Because SD-WANs sit at the network edge, they have no control over traffic flow in the cloud. They rely on Internet service provider (ISPs) whose business models are based on over-subscribing capacity and best-effort delivery services. This means there can be, and often is, network congestion somewhere along the data path. Furthermore, ISPs often share network infrastructure. Poor connections across this infrastructure often result in jitter, packet loss, and latency issues. For all of these reasons, SD-WANs are unable to guarantee a quality of service.

From a security perspective, SD-WANs offer built-in security features such as native support for encryption and easy application-specific WAN segmentation. However, their use of encryption is often limited by computing power, and many SD-WAN appliances are not adequately hardened against unauthorized access.

Because of these limitations, many businesses see an SD-WAN as a low-cost supplement to their existing MPLS connections rather than a replacement. So, does this mean organizations are trapped into living with their costly MPLS connections?

Not according to Netrolix.

Netrolix's Unique WAN Solution: AI-WAN*

To understand Netrolix's AI-WAN, it's best to start with the story of how they created it.

It began in 2014 with the idea of solving the challenge of large-scale, centralized firewall, Internet-based networking. Netrolix envisioned building a high-performance Internet WAN that would be compatible with any existing connection protocol or appliance, and it would work by optimizing traffic across the Internet. They wanted to create a solution that service providers and businesses could use to build their own networks. "In fact, that was our original goal. We wanted to empower the end user to architect and build their own network. When we began, we wanted to give complete access and control to that end user," says Wes Jensen, CEO of Netrolix.

Netrolix began by building a network between host data centers and monitoring a multitude of performance metrics, which they put into their own proprietary algorithm for optimizing flow between the data centers. By using IP transit connections, they could also look at to and from downstream service providers.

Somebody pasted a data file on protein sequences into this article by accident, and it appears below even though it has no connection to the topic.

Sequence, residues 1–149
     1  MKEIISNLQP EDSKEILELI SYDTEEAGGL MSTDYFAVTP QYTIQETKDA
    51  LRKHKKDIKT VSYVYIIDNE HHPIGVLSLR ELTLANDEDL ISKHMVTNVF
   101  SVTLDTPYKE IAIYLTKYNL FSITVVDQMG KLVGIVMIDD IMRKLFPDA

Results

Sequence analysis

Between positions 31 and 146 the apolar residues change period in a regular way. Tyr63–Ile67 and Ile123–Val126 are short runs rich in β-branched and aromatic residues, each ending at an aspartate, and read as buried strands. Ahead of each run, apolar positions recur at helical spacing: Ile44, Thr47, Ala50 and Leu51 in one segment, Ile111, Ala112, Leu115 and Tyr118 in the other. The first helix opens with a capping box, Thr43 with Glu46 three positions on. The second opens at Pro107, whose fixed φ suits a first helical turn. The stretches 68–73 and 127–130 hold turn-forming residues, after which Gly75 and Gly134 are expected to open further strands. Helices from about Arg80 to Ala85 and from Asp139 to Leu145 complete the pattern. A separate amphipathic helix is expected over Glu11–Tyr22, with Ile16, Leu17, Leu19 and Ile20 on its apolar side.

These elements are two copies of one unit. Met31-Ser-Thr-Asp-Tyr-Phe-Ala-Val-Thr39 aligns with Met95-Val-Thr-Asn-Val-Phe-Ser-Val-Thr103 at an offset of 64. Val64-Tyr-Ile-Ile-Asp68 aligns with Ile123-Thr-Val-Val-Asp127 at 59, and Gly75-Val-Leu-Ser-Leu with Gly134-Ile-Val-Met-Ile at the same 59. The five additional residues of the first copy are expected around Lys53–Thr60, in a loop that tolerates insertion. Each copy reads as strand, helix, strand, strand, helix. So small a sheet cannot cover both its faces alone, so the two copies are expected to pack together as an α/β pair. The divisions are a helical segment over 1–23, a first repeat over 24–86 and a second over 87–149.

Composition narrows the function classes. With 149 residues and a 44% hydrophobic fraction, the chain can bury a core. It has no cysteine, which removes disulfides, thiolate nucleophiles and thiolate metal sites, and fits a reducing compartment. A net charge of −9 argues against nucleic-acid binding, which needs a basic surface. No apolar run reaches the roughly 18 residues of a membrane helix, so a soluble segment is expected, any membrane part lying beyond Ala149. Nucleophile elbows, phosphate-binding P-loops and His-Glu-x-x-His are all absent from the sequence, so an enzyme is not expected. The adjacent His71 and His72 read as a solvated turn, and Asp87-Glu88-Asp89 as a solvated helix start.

"We initially deployed on six data centers in Seattle, Los Angeles, Chicago, Dallas, New York, and Atlanta. That allowed us to leverage just about every ISP in the U.S.," says Jensen. "By early 2015, our network grew to about 18 data centers, 9 of which were in the U.S. At that point, we realized our own algorithms weren't going to cut it. We were looking at things statically, on a per data center basis."

That's when they had the idea of applying machine learning and artificial intelligence (AI) to the mass of Internet performance data they were collecting. Suddenly, they were able to analyze and correlate the Internet traffic in all the data centers simultaneously, in real time, and that was a total game changer.

Netrolix used their AI capability to build a model that would look at millions of data points from every ISP on multiple performance factors – latency, jitter, packet loss, throughput, and availability, for real-time and historic events, and how these changed at specific times of day. They developed a suite of low-cost endpoint devices to connect to their AI network, and they extended their analysis to theses endpoints. Continuously monitoring and analyzing all the data paths across this AI fabric became the foundation for using proprietary algorithms to optimize Internet traffic.